Home Based Business
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HOME BASED BUSINESS
HOME-BASED BUSINESS IN AMERICA - A Wake-Up Call to
Have you heard the new buzzwords? Business jargon is now sprinkled with new phrases (or old phrases with new meanings) such as "home-based business", "outsourcing", "downsizing", "networking", "surfing the net", "websites", "spamming", "flaming", "faxing", "broadcasting", "polling"... and the list goes on. And why should you even care to hear from a housewife operating a small business from her country home? This is a wake-up call. There's a revolution in progress - a silent revolution whose soldiers - armed with computers, wireless communications, and various other technologies - are streaming out of corporate America and into small and medium sized home-based businesses all across this nation and the world. And since being tied to a corporate office is no longer a prerequisite to earning a living, millions of folks are making quality of life choices and escaping to areas just like our beautiful Shenandoah Valley. Are you and your business ready to meet the needs of this emerging market niche and take advantage of what could be the opportunity of a lifetime for your business? Or will you let it pass you by?
The statistics are compelling:
** It is estimated that one home-based business starts in the US every 11 seconds and that there are almost 30 million home-based business owners operating either full or part time. Slightly more than half of these are self-employed at home full time, while the others are part time.
** Home-based businesses generate almost $400 billion in revenues and create more than 8,200 new jobs and entrepreneurial positions each day in America; The average home business earns over $50,000 per year, nearly double the national average 95% of home businesses succeed in their first year;
** After three years, 85% are still doing well, compared to a 20% success rate for a conventional small business; Women own 66% of home businesses, though men are catching up.
And what could have spurred such a phenomenon?
In a world spinning out of control for all but the most independently wealthy, the average American is hedging her bets. No longer can the American worker depend on working for the same company for 45 years. No longer can she assume that if she is well educated, well trained, and does a good job, she will have job security. No longer can anyone depend on Social Security to supplement his retirement income. Based on the results of research into child development, thousands of young couples are also choosing to have one parent stay at home when their children are young. Economic pressures, however, push these same families to look for ways to earn money from home.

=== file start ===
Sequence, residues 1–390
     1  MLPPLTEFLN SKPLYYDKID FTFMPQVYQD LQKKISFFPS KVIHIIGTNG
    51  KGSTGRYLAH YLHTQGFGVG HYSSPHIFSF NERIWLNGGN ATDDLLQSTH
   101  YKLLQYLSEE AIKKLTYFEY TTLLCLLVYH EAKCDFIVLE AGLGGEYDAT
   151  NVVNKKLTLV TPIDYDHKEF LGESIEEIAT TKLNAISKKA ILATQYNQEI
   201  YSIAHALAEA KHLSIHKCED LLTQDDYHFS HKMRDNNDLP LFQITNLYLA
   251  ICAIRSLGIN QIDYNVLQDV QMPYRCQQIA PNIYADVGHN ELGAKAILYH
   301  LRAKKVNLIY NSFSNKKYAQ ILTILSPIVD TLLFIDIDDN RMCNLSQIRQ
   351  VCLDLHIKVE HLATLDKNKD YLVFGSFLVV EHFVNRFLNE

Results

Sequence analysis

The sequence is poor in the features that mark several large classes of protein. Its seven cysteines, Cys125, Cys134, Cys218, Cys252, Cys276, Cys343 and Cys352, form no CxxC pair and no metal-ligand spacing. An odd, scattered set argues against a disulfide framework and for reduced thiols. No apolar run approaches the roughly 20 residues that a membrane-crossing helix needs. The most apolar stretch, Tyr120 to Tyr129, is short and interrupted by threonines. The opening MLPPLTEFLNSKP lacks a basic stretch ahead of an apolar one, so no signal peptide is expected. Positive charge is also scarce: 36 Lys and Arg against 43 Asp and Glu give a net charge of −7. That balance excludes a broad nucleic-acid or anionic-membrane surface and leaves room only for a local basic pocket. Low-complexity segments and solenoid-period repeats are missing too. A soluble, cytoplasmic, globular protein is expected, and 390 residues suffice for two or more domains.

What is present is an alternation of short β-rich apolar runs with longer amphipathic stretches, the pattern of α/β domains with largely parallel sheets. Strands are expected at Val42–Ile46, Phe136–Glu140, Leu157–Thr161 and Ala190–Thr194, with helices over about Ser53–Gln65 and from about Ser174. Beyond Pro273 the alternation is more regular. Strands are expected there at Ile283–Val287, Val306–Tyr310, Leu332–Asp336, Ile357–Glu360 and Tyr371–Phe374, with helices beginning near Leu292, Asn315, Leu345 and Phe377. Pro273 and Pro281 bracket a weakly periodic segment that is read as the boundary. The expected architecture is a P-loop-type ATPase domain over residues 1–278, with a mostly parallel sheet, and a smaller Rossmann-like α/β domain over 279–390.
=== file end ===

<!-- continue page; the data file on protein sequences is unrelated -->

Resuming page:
Consider, also, the lure of the American Dream and these satisfactions of owning your own home-based business:
1) You take control of your earning potential
2) You have the flexibility you want, carving out quality time with your family and being there when they need you
3) You are the boss
4) You enjoy the perks and prestige of business ownership
5) You avoid the corporate grind - being passed over for promotions, office politics, daily commutes, or being misunderstood by the boss
6) You save money - reduced expenses for day care, gasoline, business wardrobe, office rental and overhead - and some household expenses become tax deductible as they pertain to your business;
7) You have the personal satisfaction of knowing you've created something your family can count on and not have to depend on someone else to make it happen.
Clearly, technology has enabled this to take place - someone with a computer, a phone, a fax machine, voicemail, and a beeper - not to mention overnight domestic and international mail delivery services - can "reach out and touch" just about any someone in the world.
So what does this home-based business revolution mean to you if you already have a "bricks and mortar" business? I submit that it poses the most marvelous opportunity for growing your own businesses. The vast majority of small business owners (82% according to a recent Comprehensive Business Services survey) turn to outsourcing many administrative tasks to maximize their productive time. I urge you to spend some time thinking about what a home-based business owner might want or need. What product or service can you sell them that will save them time, help them be more professional, make their life a little easier, improve their own product or service? Can you "re-package" your current products or services to appeal to these business owners?